Urbanities

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>>The Outskirts of ReconstructionNobody gets into Trisha Rhomberg’s midtown studio.

It’s so embarrassing, says the artist and clothing designer. You lit-
erally would not be able to walk in there. It’s madness . . . piles of clothes everywhere, silk-screening station in the corner, fans going, gas masks hanging. I have friends that still haven’t seen it. It’s so messy, it’s not even cute. 

Not that Rhomberg is stuck on any traditional definition of that word. The skirts, dresses, jackets, boots and shorts that carry her Pretty Trashy clothing label sport silk-screen images of wart hogs, rats, flies, grotesques, guns, pirate ships, skulls and other not-so-pretty things.

Most of what Rhomberg creates is actually re-created. About 90 percent is vintage, she explains. I find it and hand-dye or reconstruct it so it’s more flattering: more current, you know. I love finding the right piece and reinventing it&emdash;making it new again. It’s almost like I’m
collaborating with designers from the ’60s, ’70s or ’80s.

While linking the word pretty with trashy may conjure images of the skanky or unkempt, Rhomberg says the name actually alludes to the recycling of the clothes. In fact, she does offer softer images&emdash;moths, birds, houses, clocks&emdash;on some of her pieces. But it’s the edgy stuff
that sells.

She peddles her wares on her website (prettytrashy.net), on eBay, locally at Olipom boutique (1115 21st St.) and at about a dozen stores across the country, as well as one in London. She recently auctioned a pair of black suede over-the-knee boots on eBay for $583. I was putting skulls on them and messed up, so I did this gold spray paint thing, and then scratched it off and then reprinted black skulls. The eBayers just went nuts.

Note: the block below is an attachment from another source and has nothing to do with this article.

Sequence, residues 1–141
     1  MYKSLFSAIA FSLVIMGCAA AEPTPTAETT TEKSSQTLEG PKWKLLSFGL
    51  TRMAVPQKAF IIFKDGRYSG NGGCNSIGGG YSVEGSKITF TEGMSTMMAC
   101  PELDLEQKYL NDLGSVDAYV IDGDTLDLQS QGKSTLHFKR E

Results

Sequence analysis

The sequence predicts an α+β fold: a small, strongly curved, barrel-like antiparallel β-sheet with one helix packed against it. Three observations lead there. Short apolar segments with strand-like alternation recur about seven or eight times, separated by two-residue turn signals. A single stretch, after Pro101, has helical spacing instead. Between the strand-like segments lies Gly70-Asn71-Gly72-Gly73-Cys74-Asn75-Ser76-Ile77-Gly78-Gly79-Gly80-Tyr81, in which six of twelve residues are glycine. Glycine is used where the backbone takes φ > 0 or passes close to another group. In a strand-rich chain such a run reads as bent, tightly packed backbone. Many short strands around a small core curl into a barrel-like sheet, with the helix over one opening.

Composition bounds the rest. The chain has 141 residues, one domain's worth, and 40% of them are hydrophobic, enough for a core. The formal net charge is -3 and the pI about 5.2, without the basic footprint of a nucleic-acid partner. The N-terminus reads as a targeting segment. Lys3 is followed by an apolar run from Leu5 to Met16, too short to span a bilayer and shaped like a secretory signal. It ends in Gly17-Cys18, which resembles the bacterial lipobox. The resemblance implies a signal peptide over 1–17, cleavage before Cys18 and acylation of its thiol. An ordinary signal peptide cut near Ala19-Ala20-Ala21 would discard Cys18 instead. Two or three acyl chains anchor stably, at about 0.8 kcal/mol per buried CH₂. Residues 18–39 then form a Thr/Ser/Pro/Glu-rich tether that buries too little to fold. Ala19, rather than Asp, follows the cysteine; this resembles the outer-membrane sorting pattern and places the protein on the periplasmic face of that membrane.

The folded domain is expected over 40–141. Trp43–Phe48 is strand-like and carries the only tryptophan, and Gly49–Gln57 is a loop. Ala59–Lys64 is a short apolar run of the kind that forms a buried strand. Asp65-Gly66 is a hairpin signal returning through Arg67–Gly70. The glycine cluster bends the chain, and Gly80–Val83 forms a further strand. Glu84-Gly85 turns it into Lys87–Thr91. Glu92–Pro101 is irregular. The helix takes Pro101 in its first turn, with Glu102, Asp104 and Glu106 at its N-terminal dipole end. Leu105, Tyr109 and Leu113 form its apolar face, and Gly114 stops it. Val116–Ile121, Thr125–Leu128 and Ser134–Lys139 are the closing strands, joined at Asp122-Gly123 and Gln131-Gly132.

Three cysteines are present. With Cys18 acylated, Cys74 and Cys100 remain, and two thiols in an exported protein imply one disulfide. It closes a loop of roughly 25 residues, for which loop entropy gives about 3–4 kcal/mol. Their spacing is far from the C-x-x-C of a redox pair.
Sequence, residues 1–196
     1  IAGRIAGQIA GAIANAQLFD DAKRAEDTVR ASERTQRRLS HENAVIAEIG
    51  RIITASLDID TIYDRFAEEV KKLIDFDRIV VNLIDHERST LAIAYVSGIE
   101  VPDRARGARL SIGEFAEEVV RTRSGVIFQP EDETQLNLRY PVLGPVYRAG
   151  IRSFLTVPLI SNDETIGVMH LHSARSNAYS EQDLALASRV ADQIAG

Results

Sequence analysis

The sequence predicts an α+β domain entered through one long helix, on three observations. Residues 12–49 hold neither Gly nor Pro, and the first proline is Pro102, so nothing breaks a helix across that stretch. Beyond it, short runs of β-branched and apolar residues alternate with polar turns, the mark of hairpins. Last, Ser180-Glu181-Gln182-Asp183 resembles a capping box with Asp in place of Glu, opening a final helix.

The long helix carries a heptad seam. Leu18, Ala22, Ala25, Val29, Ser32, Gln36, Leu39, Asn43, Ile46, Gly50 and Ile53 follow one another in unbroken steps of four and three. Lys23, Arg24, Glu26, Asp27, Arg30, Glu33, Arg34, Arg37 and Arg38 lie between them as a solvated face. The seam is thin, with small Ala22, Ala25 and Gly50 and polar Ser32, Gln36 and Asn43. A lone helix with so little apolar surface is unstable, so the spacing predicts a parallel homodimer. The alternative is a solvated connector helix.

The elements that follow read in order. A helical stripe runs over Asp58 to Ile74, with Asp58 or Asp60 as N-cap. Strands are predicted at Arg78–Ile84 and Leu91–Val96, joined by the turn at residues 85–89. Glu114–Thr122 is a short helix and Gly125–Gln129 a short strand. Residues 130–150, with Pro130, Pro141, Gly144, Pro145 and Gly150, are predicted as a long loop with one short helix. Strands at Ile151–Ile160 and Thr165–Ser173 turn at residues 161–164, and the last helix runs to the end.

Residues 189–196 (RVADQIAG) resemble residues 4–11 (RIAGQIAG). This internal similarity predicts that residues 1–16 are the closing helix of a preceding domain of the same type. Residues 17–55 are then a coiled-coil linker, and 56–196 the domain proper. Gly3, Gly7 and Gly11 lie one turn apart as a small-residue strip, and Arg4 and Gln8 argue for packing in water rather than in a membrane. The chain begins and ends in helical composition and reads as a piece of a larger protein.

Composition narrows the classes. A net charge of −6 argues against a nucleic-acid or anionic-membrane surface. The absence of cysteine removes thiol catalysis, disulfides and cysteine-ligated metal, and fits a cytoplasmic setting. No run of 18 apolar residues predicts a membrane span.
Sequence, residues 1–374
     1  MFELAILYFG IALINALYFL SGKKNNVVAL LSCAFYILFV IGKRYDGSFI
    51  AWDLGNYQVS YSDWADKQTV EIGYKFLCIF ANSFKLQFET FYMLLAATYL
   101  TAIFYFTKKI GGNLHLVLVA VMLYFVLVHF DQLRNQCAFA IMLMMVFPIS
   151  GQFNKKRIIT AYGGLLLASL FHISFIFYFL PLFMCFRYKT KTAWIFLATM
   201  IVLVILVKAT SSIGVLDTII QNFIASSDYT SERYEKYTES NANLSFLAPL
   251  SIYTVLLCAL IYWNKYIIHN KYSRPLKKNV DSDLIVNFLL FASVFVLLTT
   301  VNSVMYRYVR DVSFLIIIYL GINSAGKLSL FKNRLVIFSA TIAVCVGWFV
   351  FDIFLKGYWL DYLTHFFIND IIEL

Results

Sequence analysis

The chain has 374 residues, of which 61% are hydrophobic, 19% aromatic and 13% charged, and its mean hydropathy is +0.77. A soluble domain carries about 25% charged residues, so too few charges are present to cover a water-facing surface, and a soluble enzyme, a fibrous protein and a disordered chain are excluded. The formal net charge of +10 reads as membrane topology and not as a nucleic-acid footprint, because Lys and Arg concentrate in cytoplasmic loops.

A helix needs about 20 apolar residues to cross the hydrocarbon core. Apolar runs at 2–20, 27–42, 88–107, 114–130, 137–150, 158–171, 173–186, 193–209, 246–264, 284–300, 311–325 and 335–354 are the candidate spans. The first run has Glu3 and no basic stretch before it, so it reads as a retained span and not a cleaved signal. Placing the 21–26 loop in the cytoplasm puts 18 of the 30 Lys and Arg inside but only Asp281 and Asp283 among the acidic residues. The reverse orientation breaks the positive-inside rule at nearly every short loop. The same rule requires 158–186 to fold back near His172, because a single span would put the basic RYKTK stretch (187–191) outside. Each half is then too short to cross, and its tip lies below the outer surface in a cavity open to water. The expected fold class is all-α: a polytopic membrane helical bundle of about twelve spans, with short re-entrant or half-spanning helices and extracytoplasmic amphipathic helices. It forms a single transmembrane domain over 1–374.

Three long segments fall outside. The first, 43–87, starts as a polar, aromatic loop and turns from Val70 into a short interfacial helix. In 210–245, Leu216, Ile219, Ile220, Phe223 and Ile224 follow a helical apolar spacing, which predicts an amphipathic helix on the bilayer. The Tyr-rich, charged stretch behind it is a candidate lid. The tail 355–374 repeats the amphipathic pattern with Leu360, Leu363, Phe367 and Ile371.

All Aboard!

Paul Hammond

is fascinated by the panoramic view of history. I relate to big time frames, big concepts, says the new director of the history and railroad sector for the California State Parks Capital District. That’s perfect, because now it’s Hammond’s job to run the California State Railroad Museum and act as head honcho for the state’s historic parks in Old Sacramento, at Sutter’s Fort and in Jamestown at Railtown 1897 State Historic Park. How much bigger could his job get? Plenty. The biggest item on his agenda is the planning of a whole new museum.

Getting the Railroad Technology Museum done is extremely important, says Hammond, who has been at the railroad museum in Old Sac since 1997. It will have so much to do with our being able to talk not just about history, but about engineering and technology. While it’s expected that the new museum will be in the railyards north of downtown, it’s not a done deal&emdash;not yet.

There are two buildings we have our sights set on, Hammond says. One&emdash;the one which says Sacramento Locomotive Works on the side&emdash;is known as the Boiler Shop. The other is known as the Erecting Shop. We’ve been [leasing] these two buildings since the beginning of 2000, doing restoration and maintenance, and we expect to end up there, but it’s not definite yet. 

In the meantime, Hammond keeps the wheels turning at the museum for the half-million visitors who flock there annually. Of course, he rides the train on his days off. I live in midtown, so I ride the light rail, especially on big event weekends, and I regularly take Amtrak when I travel to the Bay Area or visit my family in Southern California, he says. Trains are a great way to go.

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